One of the first events I attended after joining Think, four years ago was the “Sneak Preview” event organised by the SESAR Deployment Manager for the 2016 transport calls. It was a well organised and typically Brussels event. Over a hundred industry experts gathered at the Sheraton Hotel to enjoy each other’s company as much as the presentations. An excellent networking opportunity for a consultant in a new role with a new company.

Yesterday, I “virtually” attended the Commission’s “PCP to CP1” event to launch the formal consultation on the next stage of the SESAR Deployment phase. This is clearly a difficult time for the industry and a particularly difficult time to think about what deployments are necessary over the next 10 years. I missed the comradery of the physical event; but we must congratulate the Commission for a well organised virtual event, and as consultant I “doff my cap” to the excellent use of Sli.do.

Four years ago, noting that the PCP required a review by the end of 2017, I wrote:

“So, maybe the PCP review should be seen more as a lessons learnt exercise prior to launching the process for determining the contents of the next Common Project?”

Time of course has taken its toll, and today’s event doubled down as both review of the PCP and a launch of the next common project – now entitled CP1.

This need to understand the lessons from the PCP and SDM experience was highlighted by the European Court of Auditors Report on SESAR Deployment. To learn the right lessons we must be careful to distinguish between process and content.

 

Process is important.

Process includes:

a) How to define the contents of Common Projects, including the need to assess “maturity” and need for “synchronisation”.

b) How to manage the deployment – a role the Wise Persons Group recommends is performed by the Network Manager under the guise of Infrastructure Manager – but which must also fully involve the affected stakeholders.

c) How to enforce provisions established by a Common Project.

The focus of the presentation was on enforcement – with the Commission seeking views on potential options that really penalise States and/or stakeholders for non-compliance after the event. This is too late. When looking at large scale synchronised deployment, the lead time for planning and executing the projects spans several years. We need a process that ensures the planning is performed adequately to meet the milestones. The Commissions suggestion that commitment to implement Common Projects should be included in the Performance Plans is of course to be welcomed.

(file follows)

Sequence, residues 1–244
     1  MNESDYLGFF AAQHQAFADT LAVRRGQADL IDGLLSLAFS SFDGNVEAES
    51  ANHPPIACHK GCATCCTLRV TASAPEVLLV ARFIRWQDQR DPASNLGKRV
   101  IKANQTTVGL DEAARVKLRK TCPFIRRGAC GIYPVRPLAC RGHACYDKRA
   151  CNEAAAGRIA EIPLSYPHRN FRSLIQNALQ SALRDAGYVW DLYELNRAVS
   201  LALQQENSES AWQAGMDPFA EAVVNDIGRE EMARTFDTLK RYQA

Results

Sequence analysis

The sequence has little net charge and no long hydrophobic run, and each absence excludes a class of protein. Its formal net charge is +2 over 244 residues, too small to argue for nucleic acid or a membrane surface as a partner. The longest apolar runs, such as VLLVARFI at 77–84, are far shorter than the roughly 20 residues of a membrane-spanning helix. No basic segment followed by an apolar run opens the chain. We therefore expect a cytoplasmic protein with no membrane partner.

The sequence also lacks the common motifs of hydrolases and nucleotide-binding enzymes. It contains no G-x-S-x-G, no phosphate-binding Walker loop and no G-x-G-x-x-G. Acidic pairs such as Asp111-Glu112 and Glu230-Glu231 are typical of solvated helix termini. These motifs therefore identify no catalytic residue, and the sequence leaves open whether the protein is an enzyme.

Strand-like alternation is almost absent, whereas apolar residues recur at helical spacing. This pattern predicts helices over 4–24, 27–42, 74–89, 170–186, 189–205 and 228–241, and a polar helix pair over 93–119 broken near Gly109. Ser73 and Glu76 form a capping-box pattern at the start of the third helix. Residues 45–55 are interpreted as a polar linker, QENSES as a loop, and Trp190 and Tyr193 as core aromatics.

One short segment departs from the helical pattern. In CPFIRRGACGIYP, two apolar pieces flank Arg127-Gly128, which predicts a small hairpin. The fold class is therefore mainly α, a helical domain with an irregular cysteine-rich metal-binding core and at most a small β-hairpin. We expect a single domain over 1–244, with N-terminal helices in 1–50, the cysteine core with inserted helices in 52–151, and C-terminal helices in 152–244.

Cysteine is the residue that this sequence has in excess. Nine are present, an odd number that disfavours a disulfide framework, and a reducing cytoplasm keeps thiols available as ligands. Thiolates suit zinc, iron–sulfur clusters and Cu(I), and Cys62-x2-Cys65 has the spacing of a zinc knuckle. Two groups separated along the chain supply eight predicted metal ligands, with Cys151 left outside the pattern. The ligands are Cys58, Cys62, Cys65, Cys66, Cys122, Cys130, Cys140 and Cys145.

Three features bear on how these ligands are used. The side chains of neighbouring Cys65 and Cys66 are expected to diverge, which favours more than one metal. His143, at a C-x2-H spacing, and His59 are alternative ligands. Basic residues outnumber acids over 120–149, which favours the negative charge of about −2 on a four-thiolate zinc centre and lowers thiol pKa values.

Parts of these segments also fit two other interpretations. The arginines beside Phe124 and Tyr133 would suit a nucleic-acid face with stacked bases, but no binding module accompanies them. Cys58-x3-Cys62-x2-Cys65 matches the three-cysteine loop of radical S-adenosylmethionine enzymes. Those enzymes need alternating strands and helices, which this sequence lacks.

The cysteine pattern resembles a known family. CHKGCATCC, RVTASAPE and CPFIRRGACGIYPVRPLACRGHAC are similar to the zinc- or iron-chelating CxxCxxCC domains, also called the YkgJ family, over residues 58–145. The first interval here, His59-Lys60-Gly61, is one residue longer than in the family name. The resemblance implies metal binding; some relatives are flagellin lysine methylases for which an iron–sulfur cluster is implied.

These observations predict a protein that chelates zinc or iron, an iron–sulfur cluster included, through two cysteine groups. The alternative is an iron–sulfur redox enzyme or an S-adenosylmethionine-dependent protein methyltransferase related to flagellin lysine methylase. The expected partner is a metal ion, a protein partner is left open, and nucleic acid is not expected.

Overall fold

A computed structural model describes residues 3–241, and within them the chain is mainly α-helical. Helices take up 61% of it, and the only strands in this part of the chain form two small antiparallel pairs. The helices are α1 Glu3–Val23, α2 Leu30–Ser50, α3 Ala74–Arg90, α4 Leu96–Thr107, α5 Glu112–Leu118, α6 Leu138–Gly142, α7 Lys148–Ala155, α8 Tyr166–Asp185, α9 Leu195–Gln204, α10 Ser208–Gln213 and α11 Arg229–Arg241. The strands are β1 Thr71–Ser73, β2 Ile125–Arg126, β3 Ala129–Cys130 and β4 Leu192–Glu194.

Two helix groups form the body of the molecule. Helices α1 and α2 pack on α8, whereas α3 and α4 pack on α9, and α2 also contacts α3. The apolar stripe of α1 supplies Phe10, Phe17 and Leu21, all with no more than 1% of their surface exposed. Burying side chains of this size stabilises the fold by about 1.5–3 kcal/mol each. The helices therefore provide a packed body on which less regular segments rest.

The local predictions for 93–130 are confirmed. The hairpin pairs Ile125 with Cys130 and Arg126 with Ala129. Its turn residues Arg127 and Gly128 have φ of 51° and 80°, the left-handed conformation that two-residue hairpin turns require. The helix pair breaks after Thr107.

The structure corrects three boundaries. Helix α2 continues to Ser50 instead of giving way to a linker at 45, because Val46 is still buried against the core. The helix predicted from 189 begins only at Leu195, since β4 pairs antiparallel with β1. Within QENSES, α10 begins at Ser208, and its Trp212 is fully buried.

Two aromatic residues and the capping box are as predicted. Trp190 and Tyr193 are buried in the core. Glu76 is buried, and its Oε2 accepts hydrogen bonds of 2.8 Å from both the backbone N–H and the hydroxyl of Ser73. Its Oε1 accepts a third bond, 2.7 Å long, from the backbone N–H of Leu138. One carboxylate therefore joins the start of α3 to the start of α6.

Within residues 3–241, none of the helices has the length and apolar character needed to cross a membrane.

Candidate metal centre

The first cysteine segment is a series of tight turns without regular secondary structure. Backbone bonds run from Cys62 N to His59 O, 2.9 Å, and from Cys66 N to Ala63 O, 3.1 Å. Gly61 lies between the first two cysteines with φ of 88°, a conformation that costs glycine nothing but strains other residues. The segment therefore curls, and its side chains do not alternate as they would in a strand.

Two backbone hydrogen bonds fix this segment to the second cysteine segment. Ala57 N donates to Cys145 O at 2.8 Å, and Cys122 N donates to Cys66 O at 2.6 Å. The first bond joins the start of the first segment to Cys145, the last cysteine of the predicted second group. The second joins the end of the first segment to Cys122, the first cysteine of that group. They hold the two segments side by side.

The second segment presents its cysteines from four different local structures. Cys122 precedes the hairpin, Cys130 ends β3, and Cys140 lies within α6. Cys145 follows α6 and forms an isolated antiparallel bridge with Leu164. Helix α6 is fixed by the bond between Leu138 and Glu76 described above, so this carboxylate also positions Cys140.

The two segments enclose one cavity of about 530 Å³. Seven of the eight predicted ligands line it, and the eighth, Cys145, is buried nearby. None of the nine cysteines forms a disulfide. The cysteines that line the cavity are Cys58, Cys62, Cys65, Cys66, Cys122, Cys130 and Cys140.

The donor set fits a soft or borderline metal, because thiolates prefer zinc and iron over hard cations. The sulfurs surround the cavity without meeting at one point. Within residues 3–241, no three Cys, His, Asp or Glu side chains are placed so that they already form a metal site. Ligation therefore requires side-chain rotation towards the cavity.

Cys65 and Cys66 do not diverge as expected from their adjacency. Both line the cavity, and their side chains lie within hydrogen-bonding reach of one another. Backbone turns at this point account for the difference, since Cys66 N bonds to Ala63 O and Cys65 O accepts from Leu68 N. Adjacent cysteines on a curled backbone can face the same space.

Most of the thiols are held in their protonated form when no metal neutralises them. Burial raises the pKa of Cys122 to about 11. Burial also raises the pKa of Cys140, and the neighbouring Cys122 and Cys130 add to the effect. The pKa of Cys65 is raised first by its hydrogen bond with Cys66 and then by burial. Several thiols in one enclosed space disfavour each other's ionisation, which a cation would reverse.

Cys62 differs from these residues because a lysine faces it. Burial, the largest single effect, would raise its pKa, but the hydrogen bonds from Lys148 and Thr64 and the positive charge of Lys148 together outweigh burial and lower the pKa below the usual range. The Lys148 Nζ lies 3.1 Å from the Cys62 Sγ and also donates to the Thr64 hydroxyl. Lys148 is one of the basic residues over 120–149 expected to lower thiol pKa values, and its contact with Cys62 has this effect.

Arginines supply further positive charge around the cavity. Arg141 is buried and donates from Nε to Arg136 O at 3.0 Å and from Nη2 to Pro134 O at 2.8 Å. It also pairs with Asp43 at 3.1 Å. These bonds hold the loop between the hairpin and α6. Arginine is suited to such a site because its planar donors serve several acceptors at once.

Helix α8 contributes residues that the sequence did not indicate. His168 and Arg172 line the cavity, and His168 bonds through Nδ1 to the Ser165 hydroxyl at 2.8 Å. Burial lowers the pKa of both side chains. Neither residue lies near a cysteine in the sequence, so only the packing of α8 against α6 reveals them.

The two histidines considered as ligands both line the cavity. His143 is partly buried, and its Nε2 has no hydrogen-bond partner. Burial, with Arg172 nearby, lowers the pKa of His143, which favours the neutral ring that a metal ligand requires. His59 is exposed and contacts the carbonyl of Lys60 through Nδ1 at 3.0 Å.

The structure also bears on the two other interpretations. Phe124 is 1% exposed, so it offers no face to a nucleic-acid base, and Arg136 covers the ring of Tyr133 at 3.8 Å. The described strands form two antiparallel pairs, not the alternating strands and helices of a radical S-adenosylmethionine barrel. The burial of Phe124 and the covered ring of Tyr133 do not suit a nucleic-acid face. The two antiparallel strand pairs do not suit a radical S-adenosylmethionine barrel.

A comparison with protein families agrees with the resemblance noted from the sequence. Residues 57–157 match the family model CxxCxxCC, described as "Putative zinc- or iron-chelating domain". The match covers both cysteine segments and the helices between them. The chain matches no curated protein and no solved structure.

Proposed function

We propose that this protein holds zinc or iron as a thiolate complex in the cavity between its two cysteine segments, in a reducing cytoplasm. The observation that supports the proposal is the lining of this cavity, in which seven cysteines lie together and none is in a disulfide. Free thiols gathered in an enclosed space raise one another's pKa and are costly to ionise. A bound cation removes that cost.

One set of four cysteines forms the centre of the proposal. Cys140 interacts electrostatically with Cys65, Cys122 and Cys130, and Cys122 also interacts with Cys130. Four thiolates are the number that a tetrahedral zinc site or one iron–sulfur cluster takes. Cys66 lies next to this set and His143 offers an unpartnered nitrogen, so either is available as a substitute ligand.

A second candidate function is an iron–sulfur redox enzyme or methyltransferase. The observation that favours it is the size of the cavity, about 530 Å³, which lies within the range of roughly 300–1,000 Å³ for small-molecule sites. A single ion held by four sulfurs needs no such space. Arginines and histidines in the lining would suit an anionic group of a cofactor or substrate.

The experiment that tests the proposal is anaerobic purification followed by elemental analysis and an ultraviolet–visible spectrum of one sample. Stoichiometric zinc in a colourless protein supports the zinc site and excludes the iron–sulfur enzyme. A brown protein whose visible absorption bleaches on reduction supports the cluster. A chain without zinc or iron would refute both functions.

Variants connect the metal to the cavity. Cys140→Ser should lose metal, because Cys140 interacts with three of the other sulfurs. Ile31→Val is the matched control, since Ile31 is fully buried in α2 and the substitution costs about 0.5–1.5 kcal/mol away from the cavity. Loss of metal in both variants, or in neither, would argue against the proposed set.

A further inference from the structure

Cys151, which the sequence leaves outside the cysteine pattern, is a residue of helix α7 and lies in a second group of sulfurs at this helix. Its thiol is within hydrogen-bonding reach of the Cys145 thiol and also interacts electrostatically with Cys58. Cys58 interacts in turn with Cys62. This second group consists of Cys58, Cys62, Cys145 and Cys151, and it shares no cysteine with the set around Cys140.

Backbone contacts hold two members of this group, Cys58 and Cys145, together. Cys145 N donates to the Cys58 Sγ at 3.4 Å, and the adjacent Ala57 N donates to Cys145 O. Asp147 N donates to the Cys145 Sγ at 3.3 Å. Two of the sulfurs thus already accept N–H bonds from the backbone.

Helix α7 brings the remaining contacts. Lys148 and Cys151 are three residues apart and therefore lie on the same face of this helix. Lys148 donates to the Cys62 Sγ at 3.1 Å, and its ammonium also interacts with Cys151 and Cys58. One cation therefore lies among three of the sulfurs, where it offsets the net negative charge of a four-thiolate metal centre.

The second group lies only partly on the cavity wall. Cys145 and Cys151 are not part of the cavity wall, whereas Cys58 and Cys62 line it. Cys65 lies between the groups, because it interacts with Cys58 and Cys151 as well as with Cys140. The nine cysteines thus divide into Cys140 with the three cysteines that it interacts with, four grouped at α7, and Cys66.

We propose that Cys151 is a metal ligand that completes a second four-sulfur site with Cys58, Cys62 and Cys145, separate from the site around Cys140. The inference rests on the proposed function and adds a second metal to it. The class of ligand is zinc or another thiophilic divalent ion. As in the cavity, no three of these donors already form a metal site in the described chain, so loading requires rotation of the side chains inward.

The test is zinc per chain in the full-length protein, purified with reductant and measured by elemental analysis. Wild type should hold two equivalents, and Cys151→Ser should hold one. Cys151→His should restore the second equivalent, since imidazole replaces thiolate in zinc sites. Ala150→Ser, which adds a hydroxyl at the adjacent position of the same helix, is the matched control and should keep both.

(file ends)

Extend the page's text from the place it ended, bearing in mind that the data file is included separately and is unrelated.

However, rather than looking for specific enforcement mechanisms within the Common Project legislation, the Commission should be encouraged to take a step back and look at the best way of using (and refining) existing mechanisms across the entire SES portfolio. Whilst Article 9 of the framework Regulation was discussed today, no one mentioned Article 10 of the network functions Implementing Regulation, or the ANSP certification process.

 

 

Content is important.

The PCP, of course, has its critics. The content wasn’t mature enough, the solutions didn’t need synchronised investment. As the ECA puts it: The EU’s regulation for the modernisation of air traffic management has added value – but the funding was largely unnecessary.

Hindsight can be harsh. The PCP was developed at a rush to get the deployment phase moving, and at a time when we didn’t fully appreciate, “what has become know as“, the V4 Gap. I think we all understood at the time there was risk, particularly in AF5 SWIM and AF6 Datalink. There are clear lessons to be learnt, particularly on the definitions of “maturity” and “synchronisation”. At first glance, the Commission have developed a balanced approach. As presented, CP1 would be very much a revision of the PCP. Elements that don’t need a synchronised approach – including big hitters like Time Based Separation  – are removed. Some limited additional functionality is added – AMAN/DMAN integration, Airport Operations Plan and Enhanced Network Integration for Airports.

The extension of AF5 may prove another step too far. Even with the proposed industrialisation gate the SWIM Blue Profile could be problematic and needs to carefully aligned with the airspace architecture proposals – the priority and timelines of which may need to change given the current crisis.

So a slow read of the detailed proposals will be needed when released on the Better Regulation Website in June; but for now the overall balance seems about right.

Does it stop those from benefiting from TBS implementing it? No. That was always better as a local decision.

Does it advanced transition to the Airspace Architecture? No. The SJU and partners have some work to do and some very very Large Demonstrations to perform to ensure the evidence exists to make those decisions. We will need CP2, and three and four.

Does it provide a sensible baseline deployment for the next few years? Yes. In arguing for additional content, stakeholders will need not only to address maturity and need for synchronisation, but also need. That is part of the new normal. We must focus our efforts on rationalisation and renewal.

 

But, what really matters is consensus.

Perhaps more than ever, consensus is really important. The history of interoperability implementing rules demonstrates once again that widespread consensus is critical in achieving synchronised deployment. Consensus has to be forged during the public consultation and maintained by proactive programme management throughout deployment.

So, a final word to the Commission: Achieve genuine consensus now and you will need a lot less enforcement later.

Paul Ravenhill, Technical Director, Think Research

Author: Paul Ravenhill, Technical Director

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